The Kingsland Explosion
In March 1916, World War I was in progress. Although
the United States had not yet entered the war, the
country was assisting its allies with war supplies. The
Canadian Car and Foundry Company in Montreal signed
large contracts with Russia and England for delivery of
shells. An enormous factory was constructed in the
meadowlands, which was then referred to as Kingsland. It
was located on the site of Lyndhurst’s present industrial
park. A brick stack, believed to be the remaining part of
the Foundry, is located in the area bounded by Valley
Brook Avenue, Polito Avenue, and the office buildings on
Wall Street West.
Munitions, including shells, shell cases, shrapnel, and
powder were shipped to Kingsland from over 100
different factories. At the foundry they were assembled
for shipment to Russia. Since it was producing 3 million
shells per month, the Canadian Car and Foundry
Company was a worthy objective for a German saboteur.
To prevent sabotage, the company erected a six-foot
fence that was patrolled by guards, around the clock. All
of the workers, who were forbidden to carry matches,
were searched before entering the plant.
Building 30 was used exclusively for cleaning out shells;
it contained 48 workbenches. On the bench in front of
each employee was a pan of gasoline and a small
rotating machine operated by a belt.
The cleaning process included several steps:
- the shells were dusted with a brush
- a cloth, moistened in the pan of gasoline, was
wrapped around a foot-long piece of wood
- the shell was placed in the rotating machine and
the wood was inserted into the shell as it turned
- a dry cloth was wrapped around the stick and the
shell was dried in a similar manner.
Fire in Building 30
On a bitter cold January 11, 1917, a fire started in
Building 30. In four hours, probably 500,000, three-inch-
high explosive shells were discharged. The entire plant
It was later established that the fire started at the bench
of one of the workers—Fiodoe Wozniak. In an affidavit
Foundry Foreman Morris Chester Musson said:
“I noticed that this man Wozniak has quite a large
collection of rags and that the blaze started in these
rags. I also noticed the he had spilled his pan of alcohol
all over the table, just preceding that time. I also noticed
that someone threw a pail of liquid on the rags or the
table almost immediately in the confusion. I am not able
to state whether this was water or one of the pails of
refuse alcohol under the tables. My recollection,
however, is that there were no pails of water in the
building, the fire buckets being filled with sand. Whatever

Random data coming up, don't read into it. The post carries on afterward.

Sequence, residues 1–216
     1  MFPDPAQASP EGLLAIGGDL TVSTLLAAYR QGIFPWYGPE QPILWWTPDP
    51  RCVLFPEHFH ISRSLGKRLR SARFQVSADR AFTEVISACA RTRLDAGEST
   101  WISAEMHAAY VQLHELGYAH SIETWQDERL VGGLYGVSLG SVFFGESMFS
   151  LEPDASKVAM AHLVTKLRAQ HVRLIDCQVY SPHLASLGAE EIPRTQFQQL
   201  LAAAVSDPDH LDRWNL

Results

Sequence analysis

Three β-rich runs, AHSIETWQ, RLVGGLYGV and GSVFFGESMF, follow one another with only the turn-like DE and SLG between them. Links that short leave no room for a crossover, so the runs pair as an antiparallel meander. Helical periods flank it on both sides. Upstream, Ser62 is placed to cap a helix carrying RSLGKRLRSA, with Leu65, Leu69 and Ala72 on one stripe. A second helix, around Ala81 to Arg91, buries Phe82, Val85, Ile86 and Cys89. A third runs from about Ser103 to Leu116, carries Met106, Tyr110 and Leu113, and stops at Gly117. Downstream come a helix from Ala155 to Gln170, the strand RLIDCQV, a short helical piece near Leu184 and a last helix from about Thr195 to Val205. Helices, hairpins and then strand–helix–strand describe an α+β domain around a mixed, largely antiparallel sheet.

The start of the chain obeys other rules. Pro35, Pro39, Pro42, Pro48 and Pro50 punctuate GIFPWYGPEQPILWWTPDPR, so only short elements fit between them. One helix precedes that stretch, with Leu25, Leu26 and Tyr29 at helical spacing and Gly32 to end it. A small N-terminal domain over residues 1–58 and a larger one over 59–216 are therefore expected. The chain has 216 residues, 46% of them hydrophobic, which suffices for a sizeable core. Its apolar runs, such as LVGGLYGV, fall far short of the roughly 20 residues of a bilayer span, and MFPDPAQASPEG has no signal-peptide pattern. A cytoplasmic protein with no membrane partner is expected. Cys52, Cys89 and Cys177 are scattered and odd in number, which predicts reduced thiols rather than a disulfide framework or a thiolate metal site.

the liquid was, it caused the fire to spread very rapidly
and the flames dropped down on the floor and in a few
minutes, the entire place was in a blaze. It was my firm
conviction from what I saw, and I stated, that the place
was set on fire purposely, and that has always been and
is my firm belief.”
Other workmen alleged that the fire began in front of
Wozniak’s wooden roller. One of the company directors,
Mr. Cahan, remarked about Wozniak’s nervous behavior
and contradictions during an interview about the incident.
Wozniak, who admitted that he had served time in the
Austrian Army, was told by Mr. Cahan that he would be
needed in New York as part of the investigation into the
fire. Wozniak, who lived at the Russian Immigrant House
on Third Street in New York City, eluded detectives who
were watching him and disappeared.
The case dragged on for many years and was finally
settled in the 1950s. Germany never admitted guilt, but
paid reparations to the United States.
"Get out or go up!"
A heroine emerged the day of the fire. Kingsland
resident Tessie McNamara, who operated the
company switchboard, was credited with saving many
lives. As the fire raged on, Tessie stayed at the
switchboard that Thursday afternoon. She plugged in
each of the buildings and shouted the warning, “Get
out or go up!”
Thanks to her dedication, no one was killed in the fire.
Escaping workers were able to cross the frozen
Hackensack River or run up Valley Brook Avenue to
safety. The National Special Aid Society later
presented Miss McNamara with a check to honor her
for her bravery.
The Lyndhurst Historical Society has created a vest
pocket park dedicated to her memory. The park is
located on Clay Avenue, between Valley Brook
Avenue and Wall Street West. The brick stack can be
seen from this park.
Tessie McNamara, above, was
honored for her bravery.
The smokestack is all that remains
of the Canadian Car & Foundry.